Archive for the ‘venture capital’ Category

How Will The Financial Crisis Impact E-Discovery?

Sunday, October 26th, 2008

A couple of weeks back, I attended a now-infamous meeting at Sequoia Capital, which has since been widely covered in the press and the blogosphere. For those unfamiliar with Sequoia, it is the world’s leading venture capital firm, with a string of early-stage investments in companies such as Apple, Cisco, and Google as well as, more recently, AdMob, Clearwell, and Loopt. The presentation says it more colorfully, but Sequoia’s point is simple: “We are at the beginning of a global economic slowdown that could last for years, and the cost of capital has sky-rocketed. In light of that, everyone needs to re-evaluate their growth plans and, if necessary, reduce expenses immediately.”

That message sent a chill through Silicon Valley. In the days that followed the meeting, several start-up companies announced layoffs, closely followed by larger companies like eBay and Yahoo, all citing economic conditions in the wake of the financial crisis. So naturally, the meeting and its aftermath got me thinking about what impact our current economic malaise will have upon the e-discovery industry.

If history is any guide, economic downturns lead to more litigation, and more litigation leads to more e-discovery. That’s why e-discovery has often proven to be a counter-cyclical business, and that certainly appears to be the case again now. While traditional technology companies like SAP and Seagate missed their numbers last quarter, the top e-discovery software companies posted strong results. And many lawyers are expecting even better times ahead, if last week’s ACC show or the recent Fulbright & Jaworski 2008 Litigation Trends Survey are any indicator. In particular, the survey results were quite striking, with more than one-third of companies surveyed predicting more lawsuits, and a quarter forecasting more regulatory inquiries. This makes sense in light of the fact that what we are facing is no “normal” recession; rather, it’s a downturn triggered by the sudden and widespread collapse of the banking sector which has left many people wanting legal redress for their grievances.

But, more important than any short-term increase in litigation, I think the real significance of the current crisis is that it will spur a sustained, long-term increase in demand for e-discovery solutions. As revenue growth slows, companies will focus on reducing costs to maintain profit growth. That will prompt many of them to examine the vast amounts of money being spent on e-discovery and accelerate the pace at which they use technology to cut costs by bringing elements of e-discovery in-house. Law firms and litigation support service providers will similarly find their invoices attract greater scrutiny. Their old ways of taking terabytes of data and dumping it into a linear review platform without first removing irrelevant or unresponsive data, will look increasingly profligate.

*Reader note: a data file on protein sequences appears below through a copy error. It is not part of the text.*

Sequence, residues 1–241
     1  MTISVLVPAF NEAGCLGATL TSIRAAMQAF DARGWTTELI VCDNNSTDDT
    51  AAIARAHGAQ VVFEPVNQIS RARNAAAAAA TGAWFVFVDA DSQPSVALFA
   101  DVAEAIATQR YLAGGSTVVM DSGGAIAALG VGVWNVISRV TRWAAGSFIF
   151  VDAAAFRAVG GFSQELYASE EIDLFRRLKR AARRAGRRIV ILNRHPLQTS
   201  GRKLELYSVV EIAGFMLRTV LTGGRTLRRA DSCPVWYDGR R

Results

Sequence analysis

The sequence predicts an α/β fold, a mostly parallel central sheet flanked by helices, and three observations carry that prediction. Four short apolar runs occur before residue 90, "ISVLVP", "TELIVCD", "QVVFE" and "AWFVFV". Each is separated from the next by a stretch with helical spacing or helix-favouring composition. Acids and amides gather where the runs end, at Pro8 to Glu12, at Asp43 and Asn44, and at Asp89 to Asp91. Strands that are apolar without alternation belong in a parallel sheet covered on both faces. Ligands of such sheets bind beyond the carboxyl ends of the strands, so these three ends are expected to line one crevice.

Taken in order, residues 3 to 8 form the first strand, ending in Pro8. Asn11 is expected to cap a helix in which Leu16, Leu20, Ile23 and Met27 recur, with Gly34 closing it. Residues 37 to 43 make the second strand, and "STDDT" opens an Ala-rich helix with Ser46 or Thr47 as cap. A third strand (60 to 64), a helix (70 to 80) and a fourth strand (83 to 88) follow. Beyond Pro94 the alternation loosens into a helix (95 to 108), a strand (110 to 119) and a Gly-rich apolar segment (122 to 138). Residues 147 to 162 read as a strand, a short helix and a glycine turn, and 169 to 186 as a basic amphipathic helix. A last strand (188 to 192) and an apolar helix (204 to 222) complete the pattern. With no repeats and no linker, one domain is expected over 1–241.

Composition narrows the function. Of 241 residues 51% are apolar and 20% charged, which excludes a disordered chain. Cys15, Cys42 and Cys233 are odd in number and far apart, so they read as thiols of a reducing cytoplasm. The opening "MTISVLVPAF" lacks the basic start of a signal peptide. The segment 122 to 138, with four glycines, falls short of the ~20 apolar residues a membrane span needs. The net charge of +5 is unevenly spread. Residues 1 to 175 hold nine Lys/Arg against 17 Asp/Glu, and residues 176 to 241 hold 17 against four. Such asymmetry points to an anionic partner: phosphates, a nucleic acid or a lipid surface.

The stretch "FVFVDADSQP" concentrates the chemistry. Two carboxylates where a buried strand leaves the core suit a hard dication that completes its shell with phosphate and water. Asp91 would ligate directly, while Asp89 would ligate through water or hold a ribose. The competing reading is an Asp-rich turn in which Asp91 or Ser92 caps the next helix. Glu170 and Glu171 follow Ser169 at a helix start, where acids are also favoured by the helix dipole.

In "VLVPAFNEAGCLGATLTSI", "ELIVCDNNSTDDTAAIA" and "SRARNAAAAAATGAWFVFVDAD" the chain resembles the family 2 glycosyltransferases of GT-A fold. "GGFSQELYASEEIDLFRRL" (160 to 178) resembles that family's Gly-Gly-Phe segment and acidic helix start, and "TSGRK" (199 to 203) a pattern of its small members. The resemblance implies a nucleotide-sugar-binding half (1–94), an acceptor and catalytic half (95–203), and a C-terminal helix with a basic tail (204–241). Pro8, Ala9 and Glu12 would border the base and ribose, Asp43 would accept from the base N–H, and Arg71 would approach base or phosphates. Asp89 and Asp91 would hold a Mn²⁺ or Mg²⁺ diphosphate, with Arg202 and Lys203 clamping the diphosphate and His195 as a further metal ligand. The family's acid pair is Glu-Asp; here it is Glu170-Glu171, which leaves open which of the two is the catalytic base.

To learn more about how best to prepare for the coming wave of litigation, and associated increase in e-discovery, I strongly recommend next week’s webinar with Ron Best from Munger, Tolles, and Olson (MTO). Ron is a real innovator in this area, with extensive experience dealing with multi-party, complex litigation. He is also full of practical advice about how best to reign in e-discovery costs and manage with limited resources – skills that will be increasingly important in the coming months.

No industry is an island and, to some extent, we all get impacted by the same economic forces. But the unique thing about the e-discovery industry is that the worst of times can often be the best of times. Consider it a silver lining to the very large cloud hanging over our economy.

Everyone (And Their Grandmother) Is Jumping Into E-Discovery

Thursday, August 2nd, 2007

At some point in his blog last year, David Hornik, a venture capitalist, lamented the fact that VideoEgg, one of his investments, had 38 competitors in the online video market – and those were only the ones that he knew about.

A casual observer could be forgiven for seeing the same thing happening in e-discovery. Barely a day goes by without some company in a completely different market announcing that they too now have an “e-discovery solution”. Debra Logan at Gartner, who is fast emerging as one of the leading lights of the e-discovery world, tells me she is speaking to 30 vendors for her forthcoming research – and could easily have covered twice that number. Brian Babinau, the insightful and witty analyst at Enterprise Strategy Group, jokes that: “nowadays, people either build a social networking product or do e-discovery.”

For example, last week Zimbra, an open source email platform which has nothing to do with e-discovery, announced its new “e-discovery features”, which sound a lot like keyword search. Kazeon, which wins the prize for creating the world’s most complex e-discovery workflow diagram, has added e-discovery as one of its primary “solutions”, while Endeca takes a more measured approach, proposing only that its financial services customers use it for e-discovery. The list goes on and on.

Despite the worsening signal-to-noise ratio, all the activity will ultimately make it easier for customers to figure out which e-discovery solution makes sense for them. There’s more coverage from leading analysts, who can help explain the different products; large vendors such as EMC, Symantec, and HP are gradually educating the market; and the industry is coalescing around the Electronic Discovery Reference Model, which breaks e-discovery down into its key elements and explains how they fit together.

If e-discovery follows the path of online video and other fast-growing categories, lots of companies will continue to throw their hat into the ring. But for every hundred “VideoEggs”, there will only be one YouTube.